Protecting Your Data from Ransomware Attacks: How to Secure Yourself and Your Business

Ransomware attacks are an increasing threat. Victims are forced to pay a ransom in order to decrypt the data. This article explains protective measures to prevent attacks and minimise damage.

Reading time:
3 min
Protecting Your Data from Ransomware Attacks: How to Secure Yourself and Your Business Image by pikisuperstar on Freepik

Ransomware attacks are one of the most dangerous threats in cyberspace. They enable attackers to access and encrypt important data and systems of companies and private individuals. The attacker then usually demands a ransom to release the data. Some variants additionally specifically encrypt backups and copies, so that a ransom payment seems inevitable.

Users risk losing important data and files if the ransom is not paid. There may also be financial losses, as many attackers demand the ransom in cryptocurrencies, which are also difficult for law enforcement agencies to trace.

For affected companies, a ransomware attack can lead to considerable economic damage, as business processes are interrupted and important data can be lost. The company’s reputation can also be affected by an attack.

Once encryption is complete, a ransom is usually demanded by displaying a ransomware note as the desktop background. After paying the ransom, the victim is provided with a key and a program by the attackers to decrypt the encrypted files.

Example 1: WannaCry

A well-known example of a ransomware attack is the WannaCry virus, which made headlines around the world in May 2017. The attack had a huge impact on businesses and organisations in several countries, including hospitals in the UK, which were forced to activate contingency plans and divert patients to other hospitals.

Example 2: Colonial Pipeline

Another well-known example is the attack on the US oil and gas utility Colonial Pipeline in May 2021. The attack resulted in the need to halt the pipeline’s operations and caused shortages in gasoline deliveries to gas stations on the east coast of the US.

Example 2: JBS

Another example is the attack on US-based JBS, one of the world’s largest meat suppliers in May 2021. The attack impacted JBS operations in North America and Australia, and the company had to temporarily close some operations.

It is important to be aware that ransomware attacks are a growing problem and to take appropriate protective measures to protect yourself and your business from attack.

Protective measures against ransomware

  • Back up important data and files regularly to have a backup copy available in case of an attack. It is important to store them on a separate, secure device or platform that is not connected to the network. We describe such an approach in one of our other blog posts: A Ransomware Secure Backup Strategy.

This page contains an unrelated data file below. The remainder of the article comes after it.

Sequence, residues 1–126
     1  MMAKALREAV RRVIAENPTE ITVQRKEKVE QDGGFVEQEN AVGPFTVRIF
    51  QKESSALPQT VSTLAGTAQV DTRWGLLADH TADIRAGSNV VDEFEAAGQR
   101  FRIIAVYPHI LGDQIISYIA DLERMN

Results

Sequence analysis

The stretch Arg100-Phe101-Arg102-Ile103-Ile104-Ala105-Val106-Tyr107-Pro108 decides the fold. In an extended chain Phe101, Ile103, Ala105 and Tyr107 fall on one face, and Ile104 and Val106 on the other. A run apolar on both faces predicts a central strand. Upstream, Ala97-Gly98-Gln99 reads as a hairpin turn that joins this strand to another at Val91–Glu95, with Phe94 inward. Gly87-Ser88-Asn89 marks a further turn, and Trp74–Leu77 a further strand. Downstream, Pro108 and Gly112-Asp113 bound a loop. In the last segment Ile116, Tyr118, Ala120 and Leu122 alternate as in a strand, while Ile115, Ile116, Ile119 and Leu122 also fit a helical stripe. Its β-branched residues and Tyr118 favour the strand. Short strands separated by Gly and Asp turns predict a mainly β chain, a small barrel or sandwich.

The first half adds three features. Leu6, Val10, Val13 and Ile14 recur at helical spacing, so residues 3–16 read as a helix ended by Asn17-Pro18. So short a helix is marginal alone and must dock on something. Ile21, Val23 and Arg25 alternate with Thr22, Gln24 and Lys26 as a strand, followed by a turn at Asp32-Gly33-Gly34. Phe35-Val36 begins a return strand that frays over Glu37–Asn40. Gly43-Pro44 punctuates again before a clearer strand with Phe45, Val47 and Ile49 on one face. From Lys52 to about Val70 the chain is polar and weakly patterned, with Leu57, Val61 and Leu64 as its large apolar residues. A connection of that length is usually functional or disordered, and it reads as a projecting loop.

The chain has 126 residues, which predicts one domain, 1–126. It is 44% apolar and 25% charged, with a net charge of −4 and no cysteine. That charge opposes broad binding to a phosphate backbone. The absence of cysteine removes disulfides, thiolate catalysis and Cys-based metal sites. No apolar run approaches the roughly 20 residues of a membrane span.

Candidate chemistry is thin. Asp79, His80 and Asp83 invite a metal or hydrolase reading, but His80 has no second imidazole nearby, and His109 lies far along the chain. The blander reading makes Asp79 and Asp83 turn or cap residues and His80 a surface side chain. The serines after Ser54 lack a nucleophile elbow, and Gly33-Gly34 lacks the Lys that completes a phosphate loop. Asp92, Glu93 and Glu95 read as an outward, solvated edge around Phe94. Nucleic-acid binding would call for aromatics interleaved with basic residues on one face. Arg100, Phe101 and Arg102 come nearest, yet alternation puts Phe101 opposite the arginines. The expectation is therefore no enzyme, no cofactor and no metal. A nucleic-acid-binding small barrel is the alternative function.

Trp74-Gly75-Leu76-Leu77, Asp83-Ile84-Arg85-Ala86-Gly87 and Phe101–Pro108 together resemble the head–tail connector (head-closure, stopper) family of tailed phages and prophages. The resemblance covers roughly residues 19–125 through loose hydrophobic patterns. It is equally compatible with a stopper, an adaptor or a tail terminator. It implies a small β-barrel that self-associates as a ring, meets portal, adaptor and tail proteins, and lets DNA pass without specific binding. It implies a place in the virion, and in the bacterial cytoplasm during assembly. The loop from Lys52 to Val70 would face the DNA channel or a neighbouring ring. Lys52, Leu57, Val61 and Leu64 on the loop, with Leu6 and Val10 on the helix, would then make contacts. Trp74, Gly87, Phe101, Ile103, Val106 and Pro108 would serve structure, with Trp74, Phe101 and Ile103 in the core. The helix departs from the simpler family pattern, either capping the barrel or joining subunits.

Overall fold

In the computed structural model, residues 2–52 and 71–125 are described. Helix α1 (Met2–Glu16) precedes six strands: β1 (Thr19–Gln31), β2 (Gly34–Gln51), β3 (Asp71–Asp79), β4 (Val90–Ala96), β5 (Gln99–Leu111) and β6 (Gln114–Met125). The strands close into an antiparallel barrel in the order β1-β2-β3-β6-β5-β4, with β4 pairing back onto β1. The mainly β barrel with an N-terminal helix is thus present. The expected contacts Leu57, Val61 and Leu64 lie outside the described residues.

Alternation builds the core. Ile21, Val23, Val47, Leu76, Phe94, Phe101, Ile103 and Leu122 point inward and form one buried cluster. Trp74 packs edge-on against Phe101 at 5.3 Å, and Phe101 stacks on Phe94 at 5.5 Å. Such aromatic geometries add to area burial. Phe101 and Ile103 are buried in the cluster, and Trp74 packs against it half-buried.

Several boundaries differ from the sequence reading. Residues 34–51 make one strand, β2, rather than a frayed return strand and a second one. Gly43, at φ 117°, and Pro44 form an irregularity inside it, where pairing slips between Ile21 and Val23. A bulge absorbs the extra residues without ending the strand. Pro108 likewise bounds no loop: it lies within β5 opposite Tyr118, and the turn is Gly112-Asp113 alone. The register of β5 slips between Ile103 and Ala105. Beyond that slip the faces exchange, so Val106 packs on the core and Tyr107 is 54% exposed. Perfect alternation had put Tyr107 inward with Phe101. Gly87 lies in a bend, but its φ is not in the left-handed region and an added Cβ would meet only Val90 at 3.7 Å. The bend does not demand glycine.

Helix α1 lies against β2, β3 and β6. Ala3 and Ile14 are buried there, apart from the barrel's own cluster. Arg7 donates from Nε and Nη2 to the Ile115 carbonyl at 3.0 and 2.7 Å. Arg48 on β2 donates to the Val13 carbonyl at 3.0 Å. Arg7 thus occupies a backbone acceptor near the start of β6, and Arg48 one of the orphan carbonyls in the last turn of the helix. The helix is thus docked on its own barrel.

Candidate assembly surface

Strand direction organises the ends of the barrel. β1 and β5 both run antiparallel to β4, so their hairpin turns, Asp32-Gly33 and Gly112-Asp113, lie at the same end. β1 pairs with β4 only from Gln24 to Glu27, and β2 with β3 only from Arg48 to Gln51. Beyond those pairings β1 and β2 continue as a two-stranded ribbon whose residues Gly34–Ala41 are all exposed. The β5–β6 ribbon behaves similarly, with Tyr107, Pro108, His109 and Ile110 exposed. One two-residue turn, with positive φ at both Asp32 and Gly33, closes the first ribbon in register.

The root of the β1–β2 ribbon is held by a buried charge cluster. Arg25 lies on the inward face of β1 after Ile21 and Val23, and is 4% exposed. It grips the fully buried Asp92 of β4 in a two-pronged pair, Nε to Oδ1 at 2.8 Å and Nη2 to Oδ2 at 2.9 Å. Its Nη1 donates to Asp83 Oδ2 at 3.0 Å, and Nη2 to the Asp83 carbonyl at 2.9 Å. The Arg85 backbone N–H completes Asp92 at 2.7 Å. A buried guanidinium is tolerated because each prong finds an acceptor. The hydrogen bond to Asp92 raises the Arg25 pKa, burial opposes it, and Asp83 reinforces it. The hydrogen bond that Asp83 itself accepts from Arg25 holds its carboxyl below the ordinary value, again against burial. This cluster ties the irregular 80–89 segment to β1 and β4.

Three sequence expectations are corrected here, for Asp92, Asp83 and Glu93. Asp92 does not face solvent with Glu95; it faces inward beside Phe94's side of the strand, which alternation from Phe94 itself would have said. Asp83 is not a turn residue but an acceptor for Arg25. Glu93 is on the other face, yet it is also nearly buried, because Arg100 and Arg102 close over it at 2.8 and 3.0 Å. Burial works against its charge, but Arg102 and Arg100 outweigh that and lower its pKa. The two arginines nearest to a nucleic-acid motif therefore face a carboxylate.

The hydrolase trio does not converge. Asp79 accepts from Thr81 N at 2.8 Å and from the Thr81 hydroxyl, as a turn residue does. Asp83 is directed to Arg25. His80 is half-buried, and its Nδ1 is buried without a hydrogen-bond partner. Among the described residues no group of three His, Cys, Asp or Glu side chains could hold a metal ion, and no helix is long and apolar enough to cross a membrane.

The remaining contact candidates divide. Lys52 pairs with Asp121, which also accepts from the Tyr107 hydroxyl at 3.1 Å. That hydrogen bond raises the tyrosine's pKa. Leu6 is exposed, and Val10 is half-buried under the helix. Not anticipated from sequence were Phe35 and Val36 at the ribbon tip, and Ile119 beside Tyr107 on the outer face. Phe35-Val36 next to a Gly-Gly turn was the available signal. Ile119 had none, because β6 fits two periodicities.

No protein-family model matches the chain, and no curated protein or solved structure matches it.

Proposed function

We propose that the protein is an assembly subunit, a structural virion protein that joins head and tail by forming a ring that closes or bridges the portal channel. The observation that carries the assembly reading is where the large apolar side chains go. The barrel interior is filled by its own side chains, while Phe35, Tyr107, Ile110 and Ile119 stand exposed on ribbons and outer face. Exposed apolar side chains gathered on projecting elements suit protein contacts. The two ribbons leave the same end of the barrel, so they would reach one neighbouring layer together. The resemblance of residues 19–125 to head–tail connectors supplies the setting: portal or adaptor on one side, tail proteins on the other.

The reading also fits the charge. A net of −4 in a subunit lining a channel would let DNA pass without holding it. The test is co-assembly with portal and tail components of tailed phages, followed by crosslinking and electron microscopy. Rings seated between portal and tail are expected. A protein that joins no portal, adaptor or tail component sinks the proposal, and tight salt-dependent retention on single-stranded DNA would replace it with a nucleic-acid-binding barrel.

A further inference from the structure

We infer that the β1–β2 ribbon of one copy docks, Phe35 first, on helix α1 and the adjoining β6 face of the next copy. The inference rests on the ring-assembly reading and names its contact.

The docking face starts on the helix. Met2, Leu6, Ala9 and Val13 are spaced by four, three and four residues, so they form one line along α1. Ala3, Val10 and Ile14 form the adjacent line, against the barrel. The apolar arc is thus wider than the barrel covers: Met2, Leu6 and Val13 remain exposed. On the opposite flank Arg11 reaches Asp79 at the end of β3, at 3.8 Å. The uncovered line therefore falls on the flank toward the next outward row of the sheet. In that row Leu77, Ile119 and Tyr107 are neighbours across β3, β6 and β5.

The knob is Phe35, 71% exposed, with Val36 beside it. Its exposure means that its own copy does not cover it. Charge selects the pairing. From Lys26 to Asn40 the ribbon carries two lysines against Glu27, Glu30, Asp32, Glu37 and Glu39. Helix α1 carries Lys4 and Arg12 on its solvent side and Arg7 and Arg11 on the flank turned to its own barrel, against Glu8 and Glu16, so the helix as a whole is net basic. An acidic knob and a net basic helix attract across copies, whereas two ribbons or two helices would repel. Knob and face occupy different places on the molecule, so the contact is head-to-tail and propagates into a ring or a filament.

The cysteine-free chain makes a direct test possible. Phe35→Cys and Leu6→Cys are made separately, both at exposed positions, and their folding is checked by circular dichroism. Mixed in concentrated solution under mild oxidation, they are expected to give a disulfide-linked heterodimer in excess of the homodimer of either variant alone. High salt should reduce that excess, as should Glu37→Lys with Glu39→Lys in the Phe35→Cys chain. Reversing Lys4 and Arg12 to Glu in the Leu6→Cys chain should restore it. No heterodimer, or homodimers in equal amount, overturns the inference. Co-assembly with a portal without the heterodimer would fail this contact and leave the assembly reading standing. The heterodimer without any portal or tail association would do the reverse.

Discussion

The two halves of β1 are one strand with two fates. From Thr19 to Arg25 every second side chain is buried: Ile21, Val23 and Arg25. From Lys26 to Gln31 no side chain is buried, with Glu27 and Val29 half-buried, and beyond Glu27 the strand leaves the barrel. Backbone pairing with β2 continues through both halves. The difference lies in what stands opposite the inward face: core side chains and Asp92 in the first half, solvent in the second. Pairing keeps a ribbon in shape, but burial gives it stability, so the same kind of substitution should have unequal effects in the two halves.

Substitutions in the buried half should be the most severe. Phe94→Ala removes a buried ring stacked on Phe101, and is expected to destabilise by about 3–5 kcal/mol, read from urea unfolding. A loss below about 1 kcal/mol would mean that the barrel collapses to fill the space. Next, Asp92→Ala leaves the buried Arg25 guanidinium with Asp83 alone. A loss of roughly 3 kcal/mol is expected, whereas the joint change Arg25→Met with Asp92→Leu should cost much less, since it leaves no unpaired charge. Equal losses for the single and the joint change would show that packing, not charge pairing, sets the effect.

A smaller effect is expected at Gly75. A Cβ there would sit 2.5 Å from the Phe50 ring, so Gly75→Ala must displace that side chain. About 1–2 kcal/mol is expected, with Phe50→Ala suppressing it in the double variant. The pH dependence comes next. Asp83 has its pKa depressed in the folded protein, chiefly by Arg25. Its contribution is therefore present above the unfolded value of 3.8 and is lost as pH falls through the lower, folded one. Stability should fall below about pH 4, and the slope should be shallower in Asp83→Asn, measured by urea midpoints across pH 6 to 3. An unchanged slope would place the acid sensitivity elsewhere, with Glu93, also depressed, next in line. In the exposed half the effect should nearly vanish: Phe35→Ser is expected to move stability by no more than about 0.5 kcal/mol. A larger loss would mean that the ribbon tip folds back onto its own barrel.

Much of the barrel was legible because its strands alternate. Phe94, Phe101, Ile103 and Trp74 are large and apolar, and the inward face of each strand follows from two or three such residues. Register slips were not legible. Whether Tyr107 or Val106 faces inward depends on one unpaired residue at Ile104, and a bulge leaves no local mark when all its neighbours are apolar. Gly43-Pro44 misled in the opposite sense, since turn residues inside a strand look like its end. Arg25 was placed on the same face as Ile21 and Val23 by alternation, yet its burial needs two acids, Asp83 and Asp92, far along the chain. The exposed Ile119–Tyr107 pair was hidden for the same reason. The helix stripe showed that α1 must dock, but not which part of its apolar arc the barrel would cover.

• Ensure that regular checks are made to see if it is possible to restore data from the backup.
  • Keep your software and operating systems up to date to close security gaps.
  • Use a firewall and anti-virus software to block unwanted connections as well as known threats at an early stage.
  • Be wary of emails from unknown senders and avoid opening attachments to emails that appear suspicious.
  • Be especially careful when visiting websites you do not trust and avoid clicking on links in emails and messages you were not expecting.
  • Train your staff regularly on how to deal with emails, links and attachments from unknown sources.
  • Access restrictions: Limit access to sensitive data and systems to only necessary people. Limit the administrator rights of users to prevent the execution of malicious software.
  • emergency and recovery plan: Create emergency plans to act quickly in the event of an attack and minimise the impact.
  • Secure their access to corporate resources, both internal and external, from credential stuffing and account takeover attacks. Ensure that no username and password combinations are leaked and can be used by attackers.

In 2020, there was a significant surge in these attacks, mainly due to the sudden shift to remote work for many companies. The majority of organizations were ill-prepared for this IT landscape transformation. Notably, attacks on critical infrastructure such as hospitals created widespread concern.

The illustration shows the course of a ransomware attack. First, a ransomware file must be downloaded, e.g. through a phishing email. This encrypts all user files of the attacked computer. Here it is ensured that only user files are actually attacked, otherwise the attack might get noticed. When this process is complete, a ransom is demanded from the attacker, usually in the form of cryptocurrency. One way the victim could be notified is by changing the desktop background. Finally, after the payment, you get a key and the right program to be able to decrypt your files.

Contact an Expert

Do you have any further questions or need specific help? Write us a message or arrange a meeting directly.

Show more

Get to the blog